Hooray, March is here and so is child life month! There will be lots of amazing featured posts and giveaways, so be sure to sign up for email notifications and follow on social media; Facebook, Twitter, Instagram, Pinterest, or LinkedIn.
I am over the moon to feature an extraordinary Certified Child Life Specialist on the blog today. Katie Taylor, has taken her passion of working with parents and children from the hospital walls to the radio waves. She is empowering them to share their stories and connect with other families.
Guest Blogger, Katie Taylor founder of Child Life on Call
I was kneeling down next to a new mother in a dark pediatric intensive care room. The only light was from the sun peeking through the curtains and the monitor from the three IV pumps connected to her 3-week-old daughter. While I introduced child life services and education on ways to continue bonding with her newborn, despite their abrupt and emergent hospitalization, she said something powerful.
With tears in her eyes, she looked right at me and said, “I feel like I’m the only one in the world feeling this way. I feel so alone. So helpless. Tell me someone else has been through this before.”
It hit me like a ton of bricks. Her words lit a deep fire within me to do something more; Child Life On Call podcast was born.
I’m a huge podcast fan. Listening to them takes me to another world. Whether I’m laughing or learning something new, I leave my commutes feeling a sense of renewal. What was missing in the podcast world, I discovered, was a community for parents who feel the overwhelming emotions associated with having a child who has an illness or medical condition.
I don’t have a voice for radio, I didn’t have any of the equipment (not even a desktop computer), and I had absolutely NO clue about how to start a podcast, but I wanted to create a resource for parents and I felt podcasting was the way to do it. Parents could plug in their earbuds as their child slept in the hospital bed next to them and be transported to a community of stories and support. I had to make this happen.
One year later, the Child Life On Call podcast was published. Although the quality isn’t great and the technical errors have given me sleepless nights, the mission has been steadfast. The podcast features stories from parents of children with an illness or medical condition.
In Season 1, parents courageously describes personal and emotional experiences associated with having a child who has been through medical experiences. Season 2 will feature more stories from parents and from child life specialists currently working in the field.
My hope is that this continues to be a resource for parents as they sit in the loneliness that is hard to avoid when you have an ill child. My hope is that child life students recognize the weight of the vulnerability shared by these parents and the honor we have as child life specialists to support families. My hope is that this grows into a community that truly does support parents and families experiencing hospitalizations and illness.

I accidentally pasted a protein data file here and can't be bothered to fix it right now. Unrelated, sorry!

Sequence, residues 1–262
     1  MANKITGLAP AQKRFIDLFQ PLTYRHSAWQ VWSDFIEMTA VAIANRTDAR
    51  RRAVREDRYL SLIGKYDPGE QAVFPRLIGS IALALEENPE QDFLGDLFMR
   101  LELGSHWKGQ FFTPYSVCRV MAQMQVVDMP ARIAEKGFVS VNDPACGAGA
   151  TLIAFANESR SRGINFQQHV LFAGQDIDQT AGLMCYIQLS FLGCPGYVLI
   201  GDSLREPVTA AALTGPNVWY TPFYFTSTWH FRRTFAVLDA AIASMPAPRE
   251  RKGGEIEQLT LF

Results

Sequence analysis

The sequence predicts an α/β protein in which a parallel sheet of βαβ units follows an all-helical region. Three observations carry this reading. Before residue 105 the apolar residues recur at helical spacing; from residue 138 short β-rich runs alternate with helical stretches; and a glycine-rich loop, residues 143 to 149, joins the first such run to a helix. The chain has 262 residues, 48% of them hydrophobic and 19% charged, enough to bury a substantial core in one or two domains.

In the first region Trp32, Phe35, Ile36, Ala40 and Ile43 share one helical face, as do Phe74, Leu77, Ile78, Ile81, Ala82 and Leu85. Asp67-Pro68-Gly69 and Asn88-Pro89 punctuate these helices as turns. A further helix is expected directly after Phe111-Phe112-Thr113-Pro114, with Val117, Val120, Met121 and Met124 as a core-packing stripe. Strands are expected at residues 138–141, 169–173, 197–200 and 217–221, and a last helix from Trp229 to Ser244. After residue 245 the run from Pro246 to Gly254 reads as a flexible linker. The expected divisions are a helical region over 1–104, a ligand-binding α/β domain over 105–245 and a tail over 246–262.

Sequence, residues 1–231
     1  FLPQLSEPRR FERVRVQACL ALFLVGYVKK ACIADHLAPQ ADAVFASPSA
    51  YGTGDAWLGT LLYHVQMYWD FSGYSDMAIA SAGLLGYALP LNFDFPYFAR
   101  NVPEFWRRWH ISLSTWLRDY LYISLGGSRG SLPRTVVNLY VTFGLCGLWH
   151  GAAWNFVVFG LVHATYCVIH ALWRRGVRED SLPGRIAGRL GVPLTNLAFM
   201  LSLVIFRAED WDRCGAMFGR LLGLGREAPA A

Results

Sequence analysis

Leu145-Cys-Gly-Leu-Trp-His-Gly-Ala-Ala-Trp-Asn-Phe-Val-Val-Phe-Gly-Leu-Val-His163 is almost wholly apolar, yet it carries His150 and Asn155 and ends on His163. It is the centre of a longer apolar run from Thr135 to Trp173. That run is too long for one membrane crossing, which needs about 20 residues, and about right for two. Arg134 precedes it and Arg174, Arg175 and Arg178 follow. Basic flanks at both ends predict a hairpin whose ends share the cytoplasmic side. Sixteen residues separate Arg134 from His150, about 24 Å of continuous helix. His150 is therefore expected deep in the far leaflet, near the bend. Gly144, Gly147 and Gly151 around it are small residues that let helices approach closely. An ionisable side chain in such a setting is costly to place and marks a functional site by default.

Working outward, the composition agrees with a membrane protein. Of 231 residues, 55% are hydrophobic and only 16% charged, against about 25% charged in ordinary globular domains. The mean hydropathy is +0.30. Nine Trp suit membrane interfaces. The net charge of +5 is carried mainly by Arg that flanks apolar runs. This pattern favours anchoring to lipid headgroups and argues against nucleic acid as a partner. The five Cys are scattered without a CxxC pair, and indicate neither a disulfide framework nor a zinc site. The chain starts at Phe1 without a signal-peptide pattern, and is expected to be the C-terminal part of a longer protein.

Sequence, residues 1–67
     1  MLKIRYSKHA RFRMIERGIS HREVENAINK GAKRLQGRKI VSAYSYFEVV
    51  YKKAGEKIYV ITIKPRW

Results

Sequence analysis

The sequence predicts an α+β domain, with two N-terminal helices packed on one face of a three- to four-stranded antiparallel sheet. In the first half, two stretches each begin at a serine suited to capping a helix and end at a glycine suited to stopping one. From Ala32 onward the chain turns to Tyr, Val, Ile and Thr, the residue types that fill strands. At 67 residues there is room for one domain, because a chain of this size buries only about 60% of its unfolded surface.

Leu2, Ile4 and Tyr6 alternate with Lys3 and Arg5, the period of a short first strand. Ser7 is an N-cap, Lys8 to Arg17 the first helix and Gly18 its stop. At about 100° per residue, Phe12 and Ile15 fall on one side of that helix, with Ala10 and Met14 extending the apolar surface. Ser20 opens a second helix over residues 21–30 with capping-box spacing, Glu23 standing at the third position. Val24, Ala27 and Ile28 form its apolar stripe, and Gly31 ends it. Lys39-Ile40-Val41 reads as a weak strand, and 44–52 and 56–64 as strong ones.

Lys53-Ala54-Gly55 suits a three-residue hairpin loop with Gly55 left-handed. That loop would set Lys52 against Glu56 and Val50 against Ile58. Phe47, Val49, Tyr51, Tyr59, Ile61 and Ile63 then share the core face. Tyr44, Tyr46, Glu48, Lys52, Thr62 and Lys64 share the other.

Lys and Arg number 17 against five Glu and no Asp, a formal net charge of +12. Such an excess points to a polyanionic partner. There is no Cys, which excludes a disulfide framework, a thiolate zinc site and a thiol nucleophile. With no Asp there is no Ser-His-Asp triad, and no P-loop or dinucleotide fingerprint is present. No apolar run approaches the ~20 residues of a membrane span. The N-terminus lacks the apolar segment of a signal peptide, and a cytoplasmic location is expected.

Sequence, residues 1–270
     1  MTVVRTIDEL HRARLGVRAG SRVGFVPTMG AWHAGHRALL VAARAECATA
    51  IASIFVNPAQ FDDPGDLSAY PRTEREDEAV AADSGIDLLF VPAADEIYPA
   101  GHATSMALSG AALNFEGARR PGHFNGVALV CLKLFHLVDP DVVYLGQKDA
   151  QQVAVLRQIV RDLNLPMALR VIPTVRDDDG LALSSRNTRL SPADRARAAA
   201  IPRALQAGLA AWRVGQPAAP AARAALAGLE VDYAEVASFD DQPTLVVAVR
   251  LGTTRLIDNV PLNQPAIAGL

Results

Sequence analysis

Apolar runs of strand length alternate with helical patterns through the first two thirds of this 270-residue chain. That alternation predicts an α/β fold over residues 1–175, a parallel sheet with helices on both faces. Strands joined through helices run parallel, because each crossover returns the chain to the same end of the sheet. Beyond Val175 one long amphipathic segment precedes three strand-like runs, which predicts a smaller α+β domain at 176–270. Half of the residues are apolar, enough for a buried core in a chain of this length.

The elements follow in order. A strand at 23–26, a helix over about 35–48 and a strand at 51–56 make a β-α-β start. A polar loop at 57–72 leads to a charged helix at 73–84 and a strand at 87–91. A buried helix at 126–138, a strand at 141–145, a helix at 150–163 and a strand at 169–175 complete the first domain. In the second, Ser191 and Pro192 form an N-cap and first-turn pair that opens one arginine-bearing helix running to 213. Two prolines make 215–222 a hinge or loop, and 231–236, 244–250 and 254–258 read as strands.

Guest Blogger, Kara Masterson
Many children are scared of the dentist. It is a common issue that you should try to help your kid overcome. The following are four tips that might help you and your children.
Starts with You
One of the first things you have to remember is that dental anxiety affects more than just kids. Children are really good at picking up any anxiety coming from parents, so it is vital that you deal with your own anxiety first. You can talk to your dentist beforehand, or have your child visit the dentist with a family member who does not fear the dentist to avoid passing on this fear to your kid.
A Peaceful Scent
Some people may not love the scent of lavender, but it could work wonders for your child. It seems that the natural scent of lavender induces a relaxing feeling within the mind. This has been shown to be powerful enough to reduce some of the symptoms associated with dental anxiety. You can make your own lavender fragrance using an essential oil, or purchase one through an online vendor. Make sure that it is natural lavender to ensure these effects.
Meet and Greet
Next thing you want to try is to have your child meet your dentist ahead of time. Talk to your dentist beforehand to make sure that he or she is aware of your child’s anxiety. A dentist like A-Dental Center or someone similar will likely go over some of the procedures and help your child become familiar with the dentist’s office. One of the reasons some children feel anxious is because they are in unfamiliar territory, which is why this type of meeting is helpful at times.
Bring a Distraction
Sometimes, the best way to deal with the particular problem is to bring a distraction, or find a way to help your child distract him or herself during the visit. You can do this by bringing your child’s favorite toy along or giving your kid a smart device to entertain him or herself. You can also try to train your child to imagine a happy place, which should help him or her deal with scary things a little better.
Hopefully, some of these tips help your kid overcome his or her fear. Keep in mind that fears are not always cured but rather dealt with, so do not expect miracles. Make sure to work with your dentist because he or she will likely know a thing or two about dental anxiety.